Opening a Home Care Agency
Things to Consider Before Starting a Home Care Agency
Home Care is the fastest growing segment of senior healthcare in America. If you're truly interested in entering this fast-paced business, there are few steps to take before making the jump.
Before you get started, know that you'll invest thousands of dollars and many hours of time and energy building your home care business. Get a clear understanding of non-medical home care as an industry.
Because private pay healthcare is the fastest growing healthcare sector, one of the most common and popular questions we hear is, "how do I start a home care agency?"
First, know the facts: There are about 11,000 non-medical home care agencies in the United States. It's the first step that current home care owners take before offering home and community based services to the care retirement communities, independent living and assisted living facilities. Retirement communities offer home care as a means to help residents age in place.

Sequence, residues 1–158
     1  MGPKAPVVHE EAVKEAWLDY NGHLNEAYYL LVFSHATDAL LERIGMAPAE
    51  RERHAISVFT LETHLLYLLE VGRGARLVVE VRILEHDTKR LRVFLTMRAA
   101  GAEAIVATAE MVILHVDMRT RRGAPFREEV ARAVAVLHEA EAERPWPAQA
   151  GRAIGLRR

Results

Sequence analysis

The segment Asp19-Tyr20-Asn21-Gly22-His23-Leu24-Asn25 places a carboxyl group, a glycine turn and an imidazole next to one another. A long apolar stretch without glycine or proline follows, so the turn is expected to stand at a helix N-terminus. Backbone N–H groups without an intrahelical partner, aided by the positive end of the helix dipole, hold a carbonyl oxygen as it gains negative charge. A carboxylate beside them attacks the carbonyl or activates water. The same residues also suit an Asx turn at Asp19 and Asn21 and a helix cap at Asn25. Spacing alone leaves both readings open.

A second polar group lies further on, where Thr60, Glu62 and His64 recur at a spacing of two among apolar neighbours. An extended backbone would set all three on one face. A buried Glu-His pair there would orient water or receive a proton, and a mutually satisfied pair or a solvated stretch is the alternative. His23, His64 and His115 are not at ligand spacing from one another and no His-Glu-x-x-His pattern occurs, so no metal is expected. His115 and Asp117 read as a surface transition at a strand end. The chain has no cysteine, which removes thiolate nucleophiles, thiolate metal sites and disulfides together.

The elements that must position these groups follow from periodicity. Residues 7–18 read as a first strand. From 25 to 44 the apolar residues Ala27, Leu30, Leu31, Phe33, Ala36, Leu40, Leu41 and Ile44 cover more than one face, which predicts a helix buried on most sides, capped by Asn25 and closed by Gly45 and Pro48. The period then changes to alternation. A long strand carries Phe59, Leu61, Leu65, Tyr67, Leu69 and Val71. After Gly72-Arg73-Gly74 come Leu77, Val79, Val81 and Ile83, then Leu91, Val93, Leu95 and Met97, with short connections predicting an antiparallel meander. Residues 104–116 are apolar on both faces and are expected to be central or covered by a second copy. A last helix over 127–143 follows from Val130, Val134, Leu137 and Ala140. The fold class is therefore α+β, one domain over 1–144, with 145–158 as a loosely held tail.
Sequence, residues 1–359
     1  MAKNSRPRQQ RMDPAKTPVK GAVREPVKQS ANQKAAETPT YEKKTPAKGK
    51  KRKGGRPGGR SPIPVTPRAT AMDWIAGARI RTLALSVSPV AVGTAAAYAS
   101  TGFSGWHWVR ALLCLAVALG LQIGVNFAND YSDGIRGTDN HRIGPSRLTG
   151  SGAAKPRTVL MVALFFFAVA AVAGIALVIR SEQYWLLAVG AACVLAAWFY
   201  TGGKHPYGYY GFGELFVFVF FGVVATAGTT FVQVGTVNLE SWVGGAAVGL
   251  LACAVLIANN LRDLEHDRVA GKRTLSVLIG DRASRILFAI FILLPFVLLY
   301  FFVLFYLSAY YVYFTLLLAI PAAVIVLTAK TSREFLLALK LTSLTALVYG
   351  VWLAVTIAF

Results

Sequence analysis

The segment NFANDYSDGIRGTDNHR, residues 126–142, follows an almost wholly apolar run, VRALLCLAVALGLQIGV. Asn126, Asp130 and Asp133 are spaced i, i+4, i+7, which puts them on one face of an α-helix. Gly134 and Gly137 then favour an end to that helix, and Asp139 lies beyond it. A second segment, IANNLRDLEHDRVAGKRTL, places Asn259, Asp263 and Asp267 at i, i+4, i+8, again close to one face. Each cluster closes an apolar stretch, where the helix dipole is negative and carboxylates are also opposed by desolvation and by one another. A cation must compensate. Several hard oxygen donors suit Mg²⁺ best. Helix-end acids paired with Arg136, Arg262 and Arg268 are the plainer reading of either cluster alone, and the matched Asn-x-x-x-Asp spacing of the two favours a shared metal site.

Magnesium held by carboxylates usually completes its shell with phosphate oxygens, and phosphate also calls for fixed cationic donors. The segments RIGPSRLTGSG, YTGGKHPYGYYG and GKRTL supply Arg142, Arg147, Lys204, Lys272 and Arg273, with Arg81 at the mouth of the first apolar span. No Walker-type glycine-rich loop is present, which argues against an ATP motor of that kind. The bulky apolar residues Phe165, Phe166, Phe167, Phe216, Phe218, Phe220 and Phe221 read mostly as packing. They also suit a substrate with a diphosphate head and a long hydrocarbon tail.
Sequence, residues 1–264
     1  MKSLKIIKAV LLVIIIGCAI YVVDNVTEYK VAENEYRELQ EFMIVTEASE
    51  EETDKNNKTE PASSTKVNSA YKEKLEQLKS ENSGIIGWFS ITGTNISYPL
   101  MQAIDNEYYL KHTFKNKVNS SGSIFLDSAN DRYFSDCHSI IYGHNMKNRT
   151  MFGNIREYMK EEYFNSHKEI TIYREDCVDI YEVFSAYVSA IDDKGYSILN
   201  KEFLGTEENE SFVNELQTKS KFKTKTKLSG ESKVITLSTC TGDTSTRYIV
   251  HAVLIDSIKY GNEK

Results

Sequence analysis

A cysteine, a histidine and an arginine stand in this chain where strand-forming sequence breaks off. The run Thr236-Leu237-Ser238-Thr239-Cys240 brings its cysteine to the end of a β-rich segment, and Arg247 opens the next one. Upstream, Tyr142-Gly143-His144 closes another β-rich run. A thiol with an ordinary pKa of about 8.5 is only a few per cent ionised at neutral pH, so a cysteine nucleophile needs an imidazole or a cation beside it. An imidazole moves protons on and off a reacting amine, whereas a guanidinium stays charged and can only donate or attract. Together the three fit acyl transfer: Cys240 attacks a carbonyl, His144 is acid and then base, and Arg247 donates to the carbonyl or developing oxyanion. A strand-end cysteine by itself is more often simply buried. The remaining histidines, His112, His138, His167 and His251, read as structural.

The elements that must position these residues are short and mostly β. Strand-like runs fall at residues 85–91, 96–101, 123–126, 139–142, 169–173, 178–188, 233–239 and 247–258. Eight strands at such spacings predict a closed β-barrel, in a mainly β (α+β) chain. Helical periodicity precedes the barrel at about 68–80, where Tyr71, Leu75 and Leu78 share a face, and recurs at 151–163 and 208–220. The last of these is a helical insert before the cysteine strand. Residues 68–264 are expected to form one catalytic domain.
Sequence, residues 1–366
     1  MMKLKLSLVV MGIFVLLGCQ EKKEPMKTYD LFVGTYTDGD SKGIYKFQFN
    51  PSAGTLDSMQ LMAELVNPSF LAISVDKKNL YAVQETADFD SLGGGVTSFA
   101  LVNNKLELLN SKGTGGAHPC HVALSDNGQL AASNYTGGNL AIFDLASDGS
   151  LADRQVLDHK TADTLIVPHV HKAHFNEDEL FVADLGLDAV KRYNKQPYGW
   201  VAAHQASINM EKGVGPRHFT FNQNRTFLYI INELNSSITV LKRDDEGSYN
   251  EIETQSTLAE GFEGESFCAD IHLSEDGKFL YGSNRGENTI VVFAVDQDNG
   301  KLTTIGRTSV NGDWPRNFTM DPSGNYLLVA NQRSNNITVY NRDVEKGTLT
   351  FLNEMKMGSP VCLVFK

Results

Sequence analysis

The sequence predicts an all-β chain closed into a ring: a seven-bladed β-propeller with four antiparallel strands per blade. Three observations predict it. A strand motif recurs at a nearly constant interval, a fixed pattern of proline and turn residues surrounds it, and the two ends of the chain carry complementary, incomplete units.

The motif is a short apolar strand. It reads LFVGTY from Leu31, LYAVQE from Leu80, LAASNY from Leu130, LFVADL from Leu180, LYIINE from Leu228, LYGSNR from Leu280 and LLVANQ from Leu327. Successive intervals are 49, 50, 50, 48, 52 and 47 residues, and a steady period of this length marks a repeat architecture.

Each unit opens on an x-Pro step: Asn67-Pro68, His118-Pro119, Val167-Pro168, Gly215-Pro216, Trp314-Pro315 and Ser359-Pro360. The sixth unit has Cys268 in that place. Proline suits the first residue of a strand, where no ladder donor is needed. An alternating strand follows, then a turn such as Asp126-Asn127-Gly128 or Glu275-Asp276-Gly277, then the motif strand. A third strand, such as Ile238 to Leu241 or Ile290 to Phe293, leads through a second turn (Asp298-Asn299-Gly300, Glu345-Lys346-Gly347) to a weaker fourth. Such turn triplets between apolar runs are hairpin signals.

They types of services offered are concierge type service, homemaker, companion, and personal care.
Opening a Home Care Agency
You don't need experience in the medical industry, but If you have passion for providing care, marketing savvy, an understanding of business know-how, and integrity, then a home care agency is a great choice for you.
Define the Business Organization
Choose how you want the home care agency structured and operated.
Here are your options:
- Buy a franchise
- Start an independent home care company
- Buy an existing agency
Determine the resources and skills you need - do you need a footprint or map to follow or do you feel confident to research and then complete the required steps on your own?